A Brer Rabbit Story
I am going to tell you a story about Brer Rabbit and Brer Fox. But first, you ought to know a thing or two about rabbits and foxes.
Rabbits and foxes just never seem to get along. This is probably because foxes are always trying to make a meal out of rabbits, and rabbits are always trying to outfox foxes.
Brer Rabbit was the craftiest rabbit ever to cross a fox’s path. Brer Fox was always trying to catch Brer Rabbit, but Brer Rabbit always had a trick up his sleeve.
One day, Brer Fox decided to get Brer Rabbit once and for all. Brer Fox knew that Brer Rabbit liked to go over to the farmer’s garden every day for carrots and cabbages.
Brer Fox decided to hide behind a big tree on the road to the garden and wait for Brer Rabbit to pass. The tree was on the edge of a briar patch, full of bushes with thorns and burrs.
“I’m a-gonna wait right here for that sneaky rabbit an’ cook ‘im up in a rabbit stew!” said Brer Fox, proud of his sneaky plan.
Soon Brer Rabbit came hippity-hopping down the road to the garden. Brer Fox jumped out from behind the tree and grabbed him up as quick as he could.
“I’m a-gonna brew a stew out of you, Rabbit!” said Brer Fox.
Brer Rabbit had to do some fast talking. “You can cook me up in a big ol’ pot an’ serve me for dinner, but please don’t throw me into dat briar patch yonder!” cried Brer Rabbit.
Brer Fox thought for a moment. “Now, maybe dat stew would be too much bother for me. I’m a-gonna roast you up instead!”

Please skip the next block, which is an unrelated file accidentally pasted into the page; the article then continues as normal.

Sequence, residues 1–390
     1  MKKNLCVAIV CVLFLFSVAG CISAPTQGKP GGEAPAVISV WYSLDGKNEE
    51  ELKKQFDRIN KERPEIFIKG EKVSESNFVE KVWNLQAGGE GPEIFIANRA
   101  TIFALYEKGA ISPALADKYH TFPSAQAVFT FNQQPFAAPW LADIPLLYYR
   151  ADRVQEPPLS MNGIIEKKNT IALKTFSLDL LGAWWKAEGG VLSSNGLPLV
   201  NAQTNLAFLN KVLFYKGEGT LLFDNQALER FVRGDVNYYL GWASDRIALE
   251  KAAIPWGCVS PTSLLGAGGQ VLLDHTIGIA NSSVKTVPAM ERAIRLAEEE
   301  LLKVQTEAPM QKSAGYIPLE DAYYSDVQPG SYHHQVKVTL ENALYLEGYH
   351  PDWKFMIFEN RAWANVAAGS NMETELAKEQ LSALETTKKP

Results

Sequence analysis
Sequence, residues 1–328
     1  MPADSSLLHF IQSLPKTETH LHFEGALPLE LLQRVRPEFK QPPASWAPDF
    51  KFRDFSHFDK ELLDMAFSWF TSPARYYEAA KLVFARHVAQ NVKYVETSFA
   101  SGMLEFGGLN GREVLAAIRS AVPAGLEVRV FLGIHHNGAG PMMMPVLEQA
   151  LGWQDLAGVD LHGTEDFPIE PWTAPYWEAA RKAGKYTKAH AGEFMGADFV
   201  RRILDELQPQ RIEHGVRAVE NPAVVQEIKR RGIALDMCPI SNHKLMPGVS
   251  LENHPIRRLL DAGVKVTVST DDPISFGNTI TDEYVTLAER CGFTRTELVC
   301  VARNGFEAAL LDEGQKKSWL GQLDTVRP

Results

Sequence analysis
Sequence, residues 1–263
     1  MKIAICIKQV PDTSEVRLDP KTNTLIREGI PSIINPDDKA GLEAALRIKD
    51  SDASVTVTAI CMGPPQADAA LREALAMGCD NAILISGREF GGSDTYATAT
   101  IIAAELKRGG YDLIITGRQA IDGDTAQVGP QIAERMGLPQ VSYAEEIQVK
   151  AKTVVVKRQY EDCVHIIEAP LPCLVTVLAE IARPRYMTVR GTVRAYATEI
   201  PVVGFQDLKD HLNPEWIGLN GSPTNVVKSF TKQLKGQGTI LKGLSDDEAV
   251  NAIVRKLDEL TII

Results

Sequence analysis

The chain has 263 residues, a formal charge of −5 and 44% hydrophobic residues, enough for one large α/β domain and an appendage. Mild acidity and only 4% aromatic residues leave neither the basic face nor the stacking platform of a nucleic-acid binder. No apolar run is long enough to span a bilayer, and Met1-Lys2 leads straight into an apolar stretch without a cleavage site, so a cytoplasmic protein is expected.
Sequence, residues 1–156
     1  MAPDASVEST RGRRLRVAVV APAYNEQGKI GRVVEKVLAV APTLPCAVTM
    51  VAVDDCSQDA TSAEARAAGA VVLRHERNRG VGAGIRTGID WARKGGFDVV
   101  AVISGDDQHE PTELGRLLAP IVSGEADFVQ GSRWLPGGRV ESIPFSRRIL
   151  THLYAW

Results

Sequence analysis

“You can fire up your ol’ stove an roast me an’ serve me up with fried taters, but pleeease don’t throw me in dat briar patch!” pleaded Brer Rabbit.
This was starting to sound like a lot of work to Brer Fox. He really just wanted to get that rabbit out of his hair once and for all. “Naw, your scrawny hide ain’t worth troublin’ over. I’m jus’ gonna string you up from that ol’ hick’ry tree an’ git you outta my hair,” said Brer Fox.
“String me up an’ let me swing, but whatever you do, please don’t throw me into that terr’ble briar patch!” cried Brer Rabbit.
Suddenly, Brer Fox knew just the thing to do. “Seems to me jus’ about the worst thing I kin do is throw you into dat ol’ briar patch, Rabbit,” said Brer Fox. “An’ dat’s jus’ what I’m a-gonna do!” And with that, Brer Fox swung Brer Rabbit over his head and threw him into the middle of the briar patch.
“Yow! Oh, I’m a-gonna die!” yowled Brer Rabbit as he sailed through the air.
But as soon as he landed in the briar patch, all Brer Fox could hear was Brer Rabbit hee-hawing and guffawing in gigglement. Brer Fox knew he’d been had again.
Continue to the next page to see what happened next in this Brer Rabbit story. Here is part II of this Brer Rabbit story:
“Oh, Mister Fox, you shoulda known better! Y’see, I was born in dis here briar patch! I’m as happy as a crawfish in a river bed!” said Brer Rabbit.
Brer Fox was hoppin’ mad. “I got to git dat rabbit good, once an’ for all. He’s a-goin’ to Miss Goose’s birthday party tomorrow, so I’m a-gonna make real friendly-like, an’ go an’ walk over to dat party with him. An’ when we git to crossin’ the river, I’m a-gonna throw dat rabbit in! He’ll be gone for good, sure as shootin’!”
The next day, Brer Rabbit was at his house getting all spruced up for Miss Goose’s party. When he saw Brer Fox come a-trottin’ up his path, he wrapped himself up in a blanket and acted real sick-like.
“What’s all this moanin’ about, Rabbit?” asked Brer Fox.
“Oh, I’m sick as an ol’ dawg, Mister Fox. I ain’t a-gonna make it to Miss Goose’s party after all,” sighed Brer Rabbit.
“This is a-gonna help wit’ my plan jus’ fine,” thought Brer Fox. He said to Brer Rabbit, “Now, you know you gonna be sorry if you miss dat party, Rabbit. I’m a-gonna carry you.”